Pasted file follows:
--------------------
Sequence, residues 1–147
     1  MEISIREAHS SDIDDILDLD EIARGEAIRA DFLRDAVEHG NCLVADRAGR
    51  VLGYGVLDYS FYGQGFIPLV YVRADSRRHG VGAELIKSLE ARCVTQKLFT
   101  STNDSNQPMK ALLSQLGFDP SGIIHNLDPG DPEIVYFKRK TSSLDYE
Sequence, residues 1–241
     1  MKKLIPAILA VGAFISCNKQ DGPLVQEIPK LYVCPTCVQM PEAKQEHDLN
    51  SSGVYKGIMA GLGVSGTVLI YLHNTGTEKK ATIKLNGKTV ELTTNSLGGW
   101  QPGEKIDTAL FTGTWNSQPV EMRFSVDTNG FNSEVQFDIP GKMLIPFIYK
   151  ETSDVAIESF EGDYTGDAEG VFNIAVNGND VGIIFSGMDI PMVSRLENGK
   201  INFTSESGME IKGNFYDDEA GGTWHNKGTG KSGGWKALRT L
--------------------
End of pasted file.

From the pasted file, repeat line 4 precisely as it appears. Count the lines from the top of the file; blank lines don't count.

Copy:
   101  STNDSNQPMK ALLSQLGFDP SGIIHNLDPG DPEIVYFKRK TSSLDYE